Since the previous report, vast amounts of new data were published and the IPCC was able to make many statements with more confidence: it is at least very likely that the oceans have warmed, the sea levels have risen, contrasts in salinity have increased, and that the concentrations of carbon dioxide have increased and caused acidification. Much uncertainty remains about the effects of climate change on large circulation patterns and cycles, and still relatively little is known about changes in the deepest parts of the ocean.

Source: IPCC, Fifth Assessment Report. 2013. Observations: Oceans

The IPCC has predicted weather changes on projected ocean warming. These weather pattern changes are summarized in figure 3 below.

Figure 3 –Ocean Condition Changes predicted by IPCC

As you can see in the figure the models predict increased ocean temperatures, more rain for northern South America and less rain for southern South America, Mexico, and the American Southwest. Below are some of these impacts that are currently visible throughout the U.S. and will continue to affect these regions, according to the Third and FourthNational Climate Assessment Reports, released by the U.S. Global Change Research Program:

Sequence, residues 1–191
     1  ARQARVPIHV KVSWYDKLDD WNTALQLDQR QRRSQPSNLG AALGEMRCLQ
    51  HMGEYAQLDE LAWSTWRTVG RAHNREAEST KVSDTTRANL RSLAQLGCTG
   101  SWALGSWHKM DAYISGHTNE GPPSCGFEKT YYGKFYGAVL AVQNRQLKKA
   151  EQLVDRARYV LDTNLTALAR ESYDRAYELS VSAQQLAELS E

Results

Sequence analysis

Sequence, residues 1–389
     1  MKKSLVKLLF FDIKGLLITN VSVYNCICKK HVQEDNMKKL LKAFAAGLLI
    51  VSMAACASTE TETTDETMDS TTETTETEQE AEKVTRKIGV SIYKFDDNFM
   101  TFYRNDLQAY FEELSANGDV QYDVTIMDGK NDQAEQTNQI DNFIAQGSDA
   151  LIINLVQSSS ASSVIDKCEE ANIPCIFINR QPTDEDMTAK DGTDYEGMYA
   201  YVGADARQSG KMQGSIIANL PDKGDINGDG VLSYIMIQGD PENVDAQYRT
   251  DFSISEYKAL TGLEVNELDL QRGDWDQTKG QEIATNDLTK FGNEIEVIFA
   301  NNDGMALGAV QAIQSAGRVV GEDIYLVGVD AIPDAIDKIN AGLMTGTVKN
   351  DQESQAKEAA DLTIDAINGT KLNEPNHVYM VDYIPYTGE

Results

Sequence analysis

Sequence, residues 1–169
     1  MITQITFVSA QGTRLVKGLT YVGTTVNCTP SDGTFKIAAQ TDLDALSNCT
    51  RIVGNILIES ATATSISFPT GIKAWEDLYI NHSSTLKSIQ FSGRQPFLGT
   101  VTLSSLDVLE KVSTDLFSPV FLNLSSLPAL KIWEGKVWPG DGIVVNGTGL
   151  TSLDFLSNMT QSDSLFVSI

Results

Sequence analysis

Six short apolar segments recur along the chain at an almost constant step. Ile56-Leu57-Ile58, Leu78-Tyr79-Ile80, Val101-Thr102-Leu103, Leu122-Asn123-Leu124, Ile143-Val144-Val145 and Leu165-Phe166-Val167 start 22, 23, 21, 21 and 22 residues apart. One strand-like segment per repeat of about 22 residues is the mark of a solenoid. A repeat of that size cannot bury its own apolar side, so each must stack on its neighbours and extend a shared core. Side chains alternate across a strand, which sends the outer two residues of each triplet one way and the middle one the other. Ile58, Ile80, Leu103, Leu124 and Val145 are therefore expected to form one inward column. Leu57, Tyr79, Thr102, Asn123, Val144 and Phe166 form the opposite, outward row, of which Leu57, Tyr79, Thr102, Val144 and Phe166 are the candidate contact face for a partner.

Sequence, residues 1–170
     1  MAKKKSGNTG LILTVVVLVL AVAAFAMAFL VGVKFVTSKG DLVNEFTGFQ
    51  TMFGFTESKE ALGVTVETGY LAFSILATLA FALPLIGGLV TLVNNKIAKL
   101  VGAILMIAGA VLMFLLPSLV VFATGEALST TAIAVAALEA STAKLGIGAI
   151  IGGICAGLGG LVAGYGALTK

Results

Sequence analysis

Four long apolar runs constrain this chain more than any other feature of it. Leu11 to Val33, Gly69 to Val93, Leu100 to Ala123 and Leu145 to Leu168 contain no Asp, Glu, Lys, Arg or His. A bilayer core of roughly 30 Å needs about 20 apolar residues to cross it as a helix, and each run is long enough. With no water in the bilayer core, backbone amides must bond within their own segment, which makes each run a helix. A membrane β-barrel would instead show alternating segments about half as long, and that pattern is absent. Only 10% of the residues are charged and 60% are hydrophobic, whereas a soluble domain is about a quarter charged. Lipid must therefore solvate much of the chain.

Northeast. Heat waves, heavy downpours and sea level rise pose growing challenges to many aspects of life in the Northeast. Infrastructure, agriculture, fisheries and ecosystems will be increasingly compromised. On the plus side and growing season should be extended by several weeks.

Northwest. Increased rainfall and less snowpack will change the timing of streamflow which could reduce water supplies for competing demands during the summer season. Sea level rise, erosion, risks to infrastructure, and increasing ocean acidity pose threats to some industries. The growing season for fruits, wines, and wheat should be longer.

Southeast. Sea level rise poses some threat to the region’s economy and environment. Extreme heat will affect health, energy, agriculture and more. Decreased water availability will have economic and environmental impacts. More frequent and larger hurricanes are a risk.

Midwest. Extreme heat, heavy downpours and flooding will affect infrastructure, health, agriculture, forestry, transportation, and more. Climate change will also exacerbate a range of risks to the Great Lakes. Longer growing seasons should occur.